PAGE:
I’m often met with shock when I tell people that I’ve owned two PR agencies.
Sure, I’m a millennial, but I started my PR career at a relatively young age. When I ran Urbane Imagery from 2004-2012 I hired two millennials in part-time senior roles, and when I was in charge at duGard Ellis Public Relations from 2012-2015 we had seven millennials on staff, two of whom had director titles.
Unfortunately, the culture at many PR agencies is not conducive to cultivate millennial employees for senior roles.
Millennials understand how the biggest misconceptions surrounding our generation may annoy agency leaders. We’re portrayed as being overconfident, self-centered, self-entitled and preoccupied with our hand-held devices to the detriment of face-to-face contact.
However, underneath myriad labels, millennials posses key attributes that PR agency owners need in order to enhance the longevity of their agencies and embrace social media marketing.
As millennials move into the management ranks PR agency owners have an opportunity to leverage our energetic, ambitious and entrepreneurial spirits for the continued success of their firms.
With that in mind, here’s three tips for how to groom millennials for senior management:
1. Explain why. Millennials need to know “why.” We are curious problem-solvers. We need to know why precise operational procedures are in place. Why a distinct strategic solution is implemented for a particular client and why billing and accounting policies are structured in a certain fashion. Why do managers need to explain things frequently? Because providing clear explanations reveal the thought process behind your leadership decisions and creates knowledge-sharing opportunities. Rather than assigning repetitive tasks, take a moment to give millennials focused responses as to how their contributions fit into the bigger picture (and the bottom line). Explaining “why” lets millennials know that your agency has a business imperative to make their career growth a priority.
2. Learn how to coach failure. Millennials don’t fail well. We often have expectations to win at every turn. The desire to win comes naturally to us, so senior agency executives need to show us what to do when things don’t work out. Get millennials to use their critical thinking skills by talking through what went wrong and how to improve the conversation for the next time. Make failure a teachable moment. Point out the hiccups and make recommendations for a fix. This allows agency owners to assess potential leadership behaviors and attitudes among those millennials who are most willing to harness their strengths and openly address their weaknesses.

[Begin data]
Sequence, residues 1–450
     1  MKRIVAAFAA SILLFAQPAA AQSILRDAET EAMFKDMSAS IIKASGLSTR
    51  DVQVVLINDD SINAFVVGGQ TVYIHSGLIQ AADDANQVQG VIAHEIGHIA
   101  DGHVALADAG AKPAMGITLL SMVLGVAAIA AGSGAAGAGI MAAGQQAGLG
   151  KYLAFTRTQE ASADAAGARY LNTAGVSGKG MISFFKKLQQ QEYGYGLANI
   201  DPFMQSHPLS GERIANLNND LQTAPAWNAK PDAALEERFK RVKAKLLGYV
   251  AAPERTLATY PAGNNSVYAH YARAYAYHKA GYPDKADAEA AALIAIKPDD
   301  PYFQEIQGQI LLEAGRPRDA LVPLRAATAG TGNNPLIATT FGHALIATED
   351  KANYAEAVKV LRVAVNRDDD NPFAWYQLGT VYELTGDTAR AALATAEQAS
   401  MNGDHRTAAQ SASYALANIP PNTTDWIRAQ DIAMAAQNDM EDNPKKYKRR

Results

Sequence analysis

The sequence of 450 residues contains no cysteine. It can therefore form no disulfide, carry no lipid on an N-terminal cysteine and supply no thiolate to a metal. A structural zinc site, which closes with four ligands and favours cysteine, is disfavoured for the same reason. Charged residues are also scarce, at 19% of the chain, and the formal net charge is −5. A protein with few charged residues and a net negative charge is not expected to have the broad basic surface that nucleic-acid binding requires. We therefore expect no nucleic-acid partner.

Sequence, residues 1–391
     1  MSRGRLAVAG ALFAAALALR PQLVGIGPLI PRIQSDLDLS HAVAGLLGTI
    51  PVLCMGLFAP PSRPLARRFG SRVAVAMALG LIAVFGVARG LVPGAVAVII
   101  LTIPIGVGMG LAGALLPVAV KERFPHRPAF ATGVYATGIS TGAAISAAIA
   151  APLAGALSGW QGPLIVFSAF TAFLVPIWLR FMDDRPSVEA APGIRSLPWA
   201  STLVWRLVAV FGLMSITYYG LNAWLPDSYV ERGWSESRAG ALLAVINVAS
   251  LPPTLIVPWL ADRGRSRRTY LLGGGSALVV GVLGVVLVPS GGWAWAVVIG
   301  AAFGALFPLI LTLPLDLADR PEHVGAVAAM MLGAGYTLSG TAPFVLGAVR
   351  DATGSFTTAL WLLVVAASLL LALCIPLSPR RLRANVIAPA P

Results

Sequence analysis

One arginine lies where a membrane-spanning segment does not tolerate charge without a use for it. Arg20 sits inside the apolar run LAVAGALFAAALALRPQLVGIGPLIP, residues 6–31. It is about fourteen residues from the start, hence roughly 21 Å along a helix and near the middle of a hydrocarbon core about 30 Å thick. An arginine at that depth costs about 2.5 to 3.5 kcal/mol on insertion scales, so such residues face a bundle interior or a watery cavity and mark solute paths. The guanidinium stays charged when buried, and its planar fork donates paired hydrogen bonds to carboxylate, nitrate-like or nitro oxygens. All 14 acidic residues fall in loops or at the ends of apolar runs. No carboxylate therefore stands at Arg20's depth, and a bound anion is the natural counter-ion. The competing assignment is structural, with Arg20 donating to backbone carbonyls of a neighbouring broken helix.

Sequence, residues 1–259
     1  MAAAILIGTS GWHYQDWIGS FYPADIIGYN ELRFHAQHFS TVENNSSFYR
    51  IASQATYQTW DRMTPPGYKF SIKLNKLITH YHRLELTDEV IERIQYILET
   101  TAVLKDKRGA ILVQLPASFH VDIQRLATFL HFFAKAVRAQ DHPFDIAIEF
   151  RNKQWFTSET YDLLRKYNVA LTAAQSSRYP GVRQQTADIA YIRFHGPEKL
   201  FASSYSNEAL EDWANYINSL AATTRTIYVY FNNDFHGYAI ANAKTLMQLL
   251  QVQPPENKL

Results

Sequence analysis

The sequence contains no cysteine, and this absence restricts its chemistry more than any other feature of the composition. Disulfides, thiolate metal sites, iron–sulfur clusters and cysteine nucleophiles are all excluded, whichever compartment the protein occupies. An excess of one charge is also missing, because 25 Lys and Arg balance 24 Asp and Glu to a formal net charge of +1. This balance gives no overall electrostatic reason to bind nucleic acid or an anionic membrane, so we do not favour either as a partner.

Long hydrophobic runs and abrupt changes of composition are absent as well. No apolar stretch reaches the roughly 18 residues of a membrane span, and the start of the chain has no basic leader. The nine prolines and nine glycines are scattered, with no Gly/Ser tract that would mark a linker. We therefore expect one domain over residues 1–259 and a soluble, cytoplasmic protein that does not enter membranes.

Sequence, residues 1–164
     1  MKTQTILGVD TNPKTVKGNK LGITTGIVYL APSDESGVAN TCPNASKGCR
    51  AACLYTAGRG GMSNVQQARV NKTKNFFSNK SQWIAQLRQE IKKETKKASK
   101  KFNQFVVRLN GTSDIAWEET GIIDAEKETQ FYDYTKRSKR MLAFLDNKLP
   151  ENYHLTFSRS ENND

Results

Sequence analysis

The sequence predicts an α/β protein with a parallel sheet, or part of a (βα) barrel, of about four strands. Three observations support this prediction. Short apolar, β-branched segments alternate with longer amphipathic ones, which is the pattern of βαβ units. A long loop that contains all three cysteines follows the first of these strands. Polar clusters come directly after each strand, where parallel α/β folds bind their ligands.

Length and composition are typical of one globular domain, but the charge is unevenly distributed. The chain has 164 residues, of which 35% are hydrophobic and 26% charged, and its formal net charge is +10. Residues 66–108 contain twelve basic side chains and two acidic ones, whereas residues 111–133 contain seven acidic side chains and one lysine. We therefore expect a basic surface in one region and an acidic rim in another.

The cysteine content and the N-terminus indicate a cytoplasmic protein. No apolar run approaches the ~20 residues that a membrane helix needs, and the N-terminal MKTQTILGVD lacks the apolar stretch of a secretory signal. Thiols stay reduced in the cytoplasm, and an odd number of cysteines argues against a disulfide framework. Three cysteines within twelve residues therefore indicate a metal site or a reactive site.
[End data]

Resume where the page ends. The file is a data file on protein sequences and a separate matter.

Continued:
3. Provide for a sense of ownership. Millennials embrace ownership. We like to say, “I led that project” or “That’s my campaign.” We desire quick promotion, rapid progression and various interesting tasks and assignments. But, for owners and managers, it can be unnerving to relinquish control and critical decisions to millennials. Don’t fret. First, test responsibility by sharing all your projects and letting millennial employees choose which ones they want to tackle. Then, by providing needed resources and being available for questions, managers can offer millennial team members ownership of specific assignments/projects. Remember, millennials are the most ethnically and socially diverse generation to enter the workforce, not to mention the first generation weaned on social media and online communications. They don’t call us “digital natives” for nothing.
As the face of current agency leaders changes, millennials will need to step into the second tier. It is up to agency owners to transform us from swift and savvy technicians to strategic and visionary leaders. The above recommendations are your blueprint.
Let us know what you think we might be missing here.
Aerial Ellis is a consultant specializing in strategic communication and diversity/inclusion and author of the soon-to-be published “The Original Millennial.” She teaches public relations at Lipscomb University and serves as secretary for PRSA’s national diversity and committee and as director-at-large for the PRSA Nashville chapter. She can be reached at [email protected].